“Why would we want to encourage [Defense Secretary James] Mattis or Coats or anyone to leave, OK? That is not in our national security interests, OK? ... It’s cutting your nose off to spite your face,” said GOP Sen. Bob CorkerRobert (Bob) Phillips CorkerCheney set to be face of anti-Trump GOP How leaving Afghanistan cancels our post-9/11 use of force The unflappable Liz Cheney: Why Trump Republicans have struggled to crush her  MORE (Tenn.), the chairman of the Foreign Relations Committee.

Republicans are instead focusing on several legislative options, though the path to a vote by the full Senate — where they would need the support of at least 60 senators — remains murky.

GOP senators left a closed-door caucus lunch on Tuesday without a unified game plan. Instead, senators and aides described the talk about pushing back against Russia as largely confined to chatter among members who returned to Washington on Monday in the immediate aftermath of Trump's comments. 

“I think it’s still pretty fresh but I think there is some discussion about what the best path forward would be,” said Majority Whip John CornynJohn CornynBiden officials pledge to confront cybersecurity challenges head-on Eight Republicans join Democrats to confirm head of DOJ environmental division Federal officials abroad are unprotected — in a world of increasing volatility MORE (R-Texas), adding that Republicans are “thinking about what else we might do legislatively."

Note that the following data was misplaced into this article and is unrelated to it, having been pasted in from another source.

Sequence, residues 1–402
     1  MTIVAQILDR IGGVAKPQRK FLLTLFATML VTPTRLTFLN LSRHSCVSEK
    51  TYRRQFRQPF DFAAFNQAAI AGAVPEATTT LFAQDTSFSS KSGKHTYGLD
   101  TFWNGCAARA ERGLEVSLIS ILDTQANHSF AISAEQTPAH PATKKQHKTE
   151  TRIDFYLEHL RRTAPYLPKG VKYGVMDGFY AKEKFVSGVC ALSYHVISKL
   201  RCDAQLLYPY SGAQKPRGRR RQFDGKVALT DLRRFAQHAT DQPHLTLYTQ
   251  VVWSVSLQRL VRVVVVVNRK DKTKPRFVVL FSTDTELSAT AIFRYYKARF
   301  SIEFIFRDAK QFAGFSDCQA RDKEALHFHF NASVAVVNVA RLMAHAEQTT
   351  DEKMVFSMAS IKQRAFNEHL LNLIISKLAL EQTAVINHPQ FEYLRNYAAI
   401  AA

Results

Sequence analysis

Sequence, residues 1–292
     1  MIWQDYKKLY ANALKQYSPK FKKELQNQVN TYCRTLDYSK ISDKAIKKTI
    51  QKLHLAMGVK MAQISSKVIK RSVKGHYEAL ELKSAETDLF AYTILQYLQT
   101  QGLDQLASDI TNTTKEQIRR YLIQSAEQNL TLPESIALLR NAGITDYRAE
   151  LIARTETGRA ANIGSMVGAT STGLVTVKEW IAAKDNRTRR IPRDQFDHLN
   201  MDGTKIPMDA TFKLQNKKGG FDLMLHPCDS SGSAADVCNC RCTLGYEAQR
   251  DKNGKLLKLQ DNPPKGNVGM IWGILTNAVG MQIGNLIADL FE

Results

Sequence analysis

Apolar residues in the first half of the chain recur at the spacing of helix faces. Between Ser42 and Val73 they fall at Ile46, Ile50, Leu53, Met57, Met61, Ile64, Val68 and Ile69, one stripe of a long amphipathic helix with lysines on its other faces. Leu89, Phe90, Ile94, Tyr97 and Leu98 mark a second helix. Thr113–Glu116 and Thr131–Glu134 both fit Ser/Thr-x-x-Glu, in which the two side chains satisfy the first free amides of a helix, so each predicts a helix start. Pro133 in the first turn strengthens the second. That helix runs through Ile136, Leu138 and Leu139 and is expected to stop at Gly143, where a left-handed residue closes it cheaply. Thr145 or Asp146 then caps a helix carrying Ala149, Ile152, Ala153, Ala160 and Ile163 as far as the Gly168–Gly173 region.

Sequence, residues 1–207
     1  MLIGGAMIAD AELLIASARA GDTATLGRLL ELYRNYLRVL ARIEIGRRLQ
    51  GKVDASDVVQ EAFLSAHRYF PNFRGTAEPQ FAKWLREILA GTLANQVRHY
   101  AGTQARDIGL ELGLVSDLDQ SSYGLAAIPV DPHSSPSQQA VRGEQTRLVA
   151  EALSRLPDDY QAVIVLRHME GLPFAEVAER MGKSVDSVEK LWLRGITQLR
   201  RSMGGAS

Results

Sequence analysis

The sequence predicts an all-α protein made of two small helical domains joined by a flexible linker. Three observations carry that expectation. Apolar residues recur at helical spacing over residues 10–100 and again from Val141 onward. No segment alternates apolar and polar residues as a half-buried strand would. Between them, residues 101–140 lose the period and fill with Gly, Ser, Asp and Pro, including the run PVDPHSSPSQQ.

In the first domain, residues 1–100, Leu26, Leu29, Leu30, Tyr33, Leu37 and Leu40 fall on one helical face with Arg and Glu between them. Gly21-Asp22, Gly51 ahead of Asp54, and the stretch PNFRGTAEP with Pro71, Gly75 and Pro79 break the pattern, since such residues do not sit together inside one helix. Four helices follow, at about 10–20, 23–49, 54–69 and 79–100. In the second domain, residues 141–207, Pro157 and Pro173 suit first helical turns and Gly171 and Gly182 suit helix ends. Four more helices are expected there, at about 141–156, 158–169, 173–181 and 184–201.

There are early signs of a split over what Republicans believe is their best next step.

Corker used the backlash over Russia to push his legislation requiring congressional approval on tariffs implemented under the guise of national security despite being blocked twice from getting a vote on that bill.

GOP Sen. Jeff FlakeJeffrey (Jeff) Lane FlakeBiden nominates former Sen. Tom Udall as New Zealand ambassador Biden to nominate Jane Hartley as UK ambassador: report The Hill's Morning Report - Presented by Goldman Sachs - Voting rights will be on '22, '24 ballots MORE (Ariz.) is drafting a resolution to voice support for the intelligence community’s findings that Russia meddled in the 2016 election.

He said on Tuesday that he was “putting the finishing touches” on the resolution and that he was looking for the “best vehicle” including potentially asking for unanimous consent, which would require the support of every senator.

GOP Sen. Lindsey GrahamLindsey Olin GrahamEight Republicans join Democrats to confirm head of DOJ environmental division GOP sees debt ceiling as its leverage against Biden DACA court ruling puts weight of immigration reform on Democrats MORE (S.C.) left the door open to any action targeting Russia but touted a resolution as a step he thought the Senate should take.

He pointed to the Senate Intelligence Committee's assessment released earlier this month that upheld the conclusion of the intelligence community that Russia developed a "clear preference" for then-candidate Donald Trump in the 2016 election and sought to help him win the White House.